It works in a measured fashion that tends — over time — to encourage policymakers to find consensus. It is the form of government that, when allowed to work properly, is most likely to lead to wise policy, firmly rooted in the consent of the ordinary people on whose shoulders it rests. Written in 1787, ratified in 1788, and in operation since 1789, the United States Constitution is the world’s longest surviving written charter of government. Its first three words – “We The People” – affirm that the government of the United States exists to serve its citizens. The supremacy of the people through their elected representatives is recognized in Article I, which creates a Congress consisting of a Senate and a House of Representatives. The positioning of Congress at the beginning of the Constitution affirms its status as the “First Branch” of the federal government.

What does agent govt signify?

Representative Government And Constitutional Reality

The proposal which has been thrown out of allowing the voting papers to be filled up at the voter’s own residence, and sent by the post, or called for by a public officer, I should regard as fatal. The act would be done in the absence of the salutary and the presence of all the pernicious influences. The briber might, in the shelter of privacy, behold with his own eyes his bargain fulfilled, and the intimidator could see the extorted obedience rendered irrevocably on the spot; while the beneficent counter-influence of the presence of those who knew the voter’s real sentiments, and the inspiring effect of the sympathy of those of his own party or opinion, would be shut out. But in the more advanced states of modern Europe, and especially in this country, the power of coercing voters has declined and is declining; and bad voting is now less to be apprehended from the influences to which the voter is subject at the hands of others, than from the sinister interests and discreditable feelings which belong to himself, either individually or as a member of a class. To secure him against the first, at the cost of removing all restraint from the last, would be to exchange a smaller and a diminishing evil for a greater and increasing one. On this topic, and on the question generally as applicable to England at the present date, I have, in a pamphlet on Parliamentary Reform, expressed myself in terms which, as I do not feel that I can improve upon, I will venture here to transcribe.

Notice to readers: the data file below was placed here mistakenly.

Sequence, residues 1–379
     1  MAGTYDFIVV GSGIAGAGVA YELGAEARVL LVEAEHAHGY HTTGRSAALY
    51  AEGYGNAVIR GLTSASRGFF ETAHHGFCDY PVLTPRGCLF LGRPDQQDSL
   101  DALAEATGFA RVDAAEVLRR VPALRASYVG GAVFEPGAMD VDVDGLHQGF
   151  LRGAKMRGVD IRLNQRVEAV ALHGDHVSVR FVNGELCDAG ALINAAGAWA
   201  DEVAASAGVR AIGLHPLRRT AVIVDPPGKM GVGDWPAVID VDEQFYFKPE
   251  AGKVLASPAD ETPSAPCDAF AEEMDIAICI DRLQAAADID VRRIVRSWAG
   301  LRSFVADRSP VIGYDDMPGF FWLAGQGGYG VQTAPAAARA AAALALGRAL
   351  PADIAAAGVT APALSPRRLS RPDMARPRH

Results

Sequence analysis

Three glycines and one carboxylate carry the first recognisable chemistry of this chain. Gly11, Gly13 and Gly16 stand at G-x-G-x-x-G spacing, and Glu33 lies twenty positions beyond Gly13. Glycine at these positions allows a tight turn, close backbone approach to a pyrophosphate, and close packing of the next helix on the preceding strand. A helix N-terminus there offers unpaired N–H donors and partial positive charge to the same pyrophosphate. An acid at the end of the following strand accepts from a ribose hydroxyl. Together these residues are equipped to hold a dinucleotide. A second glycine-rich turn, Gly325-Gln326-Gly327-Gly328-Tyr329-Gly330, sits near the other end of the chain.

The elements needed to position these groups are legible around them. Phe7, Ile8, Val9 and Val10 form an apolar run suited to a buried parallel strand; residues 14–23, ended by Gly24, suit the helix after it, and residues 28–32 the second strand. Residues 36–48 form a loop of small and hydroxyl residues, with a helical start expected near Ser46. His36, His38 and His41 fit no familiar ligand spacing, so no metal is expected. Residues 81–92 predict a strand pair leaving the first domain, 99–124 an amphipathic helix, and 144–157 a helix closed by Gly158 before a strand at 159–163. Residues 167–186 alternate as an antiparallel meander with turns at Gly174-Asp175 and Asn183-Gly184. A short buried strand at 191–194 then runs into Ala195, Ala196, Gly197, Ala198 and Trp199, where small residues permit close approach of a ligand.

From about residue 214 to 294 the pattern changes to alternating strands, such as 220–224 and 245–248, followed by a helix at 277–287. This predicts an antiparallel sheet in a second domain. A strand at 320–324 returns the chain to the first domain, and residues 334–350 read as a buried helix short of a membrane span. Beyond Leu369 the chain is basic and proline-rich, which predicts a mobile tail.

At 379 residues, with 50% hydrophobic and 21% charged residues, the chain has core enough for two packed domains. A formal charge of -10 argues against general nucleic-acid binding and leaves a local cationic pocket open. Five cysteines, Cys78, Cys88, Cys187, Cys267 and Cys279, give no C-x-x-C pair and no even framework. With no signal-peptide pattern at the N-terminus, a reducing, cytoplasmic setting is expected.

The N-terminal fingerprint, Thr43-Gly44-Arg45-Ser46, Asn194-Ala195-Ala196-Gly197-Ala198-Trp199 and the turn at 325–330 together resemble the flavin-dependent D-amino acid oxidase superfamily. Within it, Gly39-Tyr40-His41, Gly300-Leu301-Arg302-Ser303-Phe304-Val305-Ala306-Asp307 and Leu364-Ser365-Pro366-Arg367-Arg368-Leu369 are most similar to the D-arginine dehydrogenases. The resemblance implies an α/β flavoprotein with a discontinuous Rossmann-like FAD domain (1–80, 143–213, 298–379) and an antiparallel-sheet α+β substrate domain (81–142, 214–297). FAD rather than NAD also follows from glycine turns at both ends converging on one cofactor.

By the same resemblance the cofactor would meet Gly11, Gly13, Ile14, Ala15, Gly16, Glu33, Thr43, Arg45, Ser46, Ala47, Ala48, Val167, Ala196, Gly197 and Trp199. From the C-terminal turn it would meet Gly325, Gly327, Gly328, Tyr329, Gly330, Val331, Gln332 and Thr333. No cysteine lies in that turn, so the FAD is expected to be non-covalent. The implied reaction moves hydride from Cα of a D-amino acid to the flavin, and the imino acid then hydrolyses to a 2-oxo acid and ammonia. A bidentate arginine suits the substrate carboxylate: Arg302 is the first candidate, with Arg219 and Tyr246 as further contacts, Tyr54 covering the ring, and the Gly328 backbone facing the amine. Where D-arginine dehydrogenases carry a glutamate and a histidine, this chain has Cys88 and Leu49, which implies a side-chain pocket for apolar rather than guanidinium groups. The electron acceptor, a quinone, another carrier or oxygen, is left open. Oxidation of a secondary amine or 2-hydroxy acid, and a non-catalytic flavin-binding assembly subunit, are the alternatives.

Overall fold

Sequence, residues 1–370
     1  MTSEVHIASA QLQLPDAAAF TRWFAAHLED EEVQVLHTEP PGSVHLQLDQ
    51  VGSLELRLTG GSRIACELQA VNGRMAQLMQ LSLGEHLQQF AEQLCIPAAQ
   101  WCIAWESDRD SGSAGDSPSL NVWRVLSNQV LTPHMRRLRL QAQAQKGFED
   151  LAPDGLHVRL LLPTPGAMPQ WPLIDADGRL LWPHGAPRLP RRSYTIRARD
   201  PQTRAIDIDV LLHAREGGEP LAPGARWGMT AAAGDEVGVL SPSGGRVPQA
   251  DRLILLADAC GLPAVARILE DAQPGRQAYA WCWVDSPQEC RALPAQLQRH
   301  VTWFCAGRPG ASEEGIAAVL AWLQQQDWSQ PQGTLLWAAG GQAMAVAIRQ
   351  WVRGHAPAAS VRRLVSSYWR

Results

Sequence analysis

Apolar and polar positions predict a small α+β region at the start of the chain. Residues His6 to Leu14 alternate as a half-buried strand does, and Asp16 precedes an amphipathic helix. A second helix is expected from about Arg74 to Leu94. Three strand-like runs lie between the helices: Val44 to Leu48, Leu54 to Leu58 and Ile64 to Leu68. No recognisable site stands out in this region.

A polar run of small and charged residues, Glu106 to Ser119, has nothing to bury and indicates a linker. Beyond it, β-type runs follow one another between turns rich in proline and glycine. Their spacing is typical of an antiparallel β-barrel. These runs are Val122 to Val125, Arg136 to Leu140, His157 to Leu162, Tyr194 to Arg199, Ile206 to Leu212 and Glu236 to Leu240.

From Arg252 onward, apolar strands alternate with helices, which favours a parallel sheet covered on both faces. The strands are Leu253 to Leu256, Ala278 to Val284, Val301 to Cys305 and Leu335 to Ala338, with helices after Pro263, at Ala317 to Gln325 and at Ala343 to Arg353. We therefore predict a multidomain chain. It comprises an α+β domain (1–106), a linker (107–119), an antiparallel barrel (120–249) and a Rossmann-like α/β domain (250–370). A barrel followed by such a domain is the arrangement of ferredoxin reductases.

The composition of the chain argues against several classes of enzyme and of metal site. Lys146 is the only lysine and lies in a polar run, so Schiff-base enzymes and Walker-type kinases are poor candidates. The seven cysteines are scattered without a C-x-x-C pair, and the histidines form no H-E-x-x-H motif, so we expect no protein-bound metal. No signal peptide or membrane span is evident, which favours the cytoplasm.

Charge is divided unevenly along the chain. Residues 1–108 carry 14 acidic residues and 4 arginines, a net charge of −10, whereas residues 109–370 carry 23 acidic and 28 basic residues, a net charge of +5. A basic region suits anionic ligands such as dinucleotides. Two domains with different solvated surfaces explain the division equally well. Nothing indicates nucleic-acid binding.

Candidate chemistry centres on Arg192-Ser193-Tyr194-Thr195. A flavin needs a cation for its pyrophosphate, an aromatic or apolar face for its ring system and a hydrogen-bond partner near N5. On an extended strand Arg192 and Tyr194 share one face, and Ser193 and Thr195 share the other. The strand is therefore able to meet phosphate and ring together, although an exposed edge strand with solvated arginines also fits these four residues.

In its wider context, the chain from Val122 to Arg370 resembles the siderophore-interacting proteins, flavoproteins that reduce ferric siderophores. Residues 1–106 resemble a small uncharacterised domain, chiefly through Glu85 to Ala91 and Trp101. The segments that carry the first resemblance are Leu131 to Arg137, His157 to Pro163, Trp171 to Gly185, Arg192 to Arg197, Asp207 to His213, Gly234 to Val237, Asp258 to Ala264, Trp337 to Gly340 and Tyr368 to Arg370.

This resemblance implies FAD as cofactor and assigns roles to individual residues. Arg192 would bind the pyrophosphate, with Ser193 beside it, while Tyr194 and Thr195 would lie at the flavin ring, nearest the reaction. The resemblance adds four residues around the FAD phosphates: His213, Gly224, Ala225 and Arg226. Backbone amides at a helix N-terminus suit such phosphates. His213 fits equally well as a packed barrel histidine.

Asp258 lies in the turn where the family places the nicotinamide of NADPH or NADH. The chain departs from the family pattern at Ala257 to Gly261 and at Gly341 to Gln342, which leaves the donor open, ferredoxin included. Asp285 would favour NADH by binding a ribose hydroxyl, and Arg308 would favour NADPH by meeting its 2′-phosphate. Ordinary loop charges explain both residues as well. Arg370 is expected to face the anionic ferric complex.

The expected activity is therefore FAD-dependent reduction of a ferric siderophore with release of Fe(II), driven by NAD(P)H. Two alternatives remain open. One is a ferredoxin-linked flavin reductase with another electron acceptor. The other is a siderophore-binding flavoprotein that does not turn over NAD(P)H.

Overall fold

Outlying territories of some size and population, which are held as dependencies, that is, which are subject, more or less, to acts of sovereign power on the part of the paramount country, without being equally represented in its Legislature, may be divided into two classes. Some are composed of people of similar civilization to the ruling country, capable of, and ripe for, representative government, such as the British possessions in America and Australia. Whenever it is not deemed necessary to maintain permanently, in the different provinces, different systems of jurisprudence, and fundamental institutions grounded on different principles, it is always practicable to reconcile minor diversities with the maintenance of unity of government. All that is needful is to give a sufficiently large sphere of action to the local authorities. Under one and the same central government there may be local governors, and provincial assemblies for local purposes. It may happen, for instance, that the people of different provinces may have preferences in favor of different modes of taxation.

Hustings, poll clerks, and all the necessary machinery of elections, should be at the public charge. Not only the candidate should not be required, he should not be permitted to incur any but a limited and trifling expense for his election. Mr. Hare thinks it desirable that a sum of £50 should be required from every one who places his name on the list of candidates, to prevent persons who have no chance of success, and no real intention of attempting it, from becoming candidates in wantonness or from mere love of notoriety, and perhaps carrying off a few votes which are needed for the return of more serious aspirants. There is one expense which a candidate or his supporters can not help incurring, and which it can hardly be expected that the public should defray for every one who may choose to demand it—that of making his claims known to the electors, by advertisements, placards, and circulars.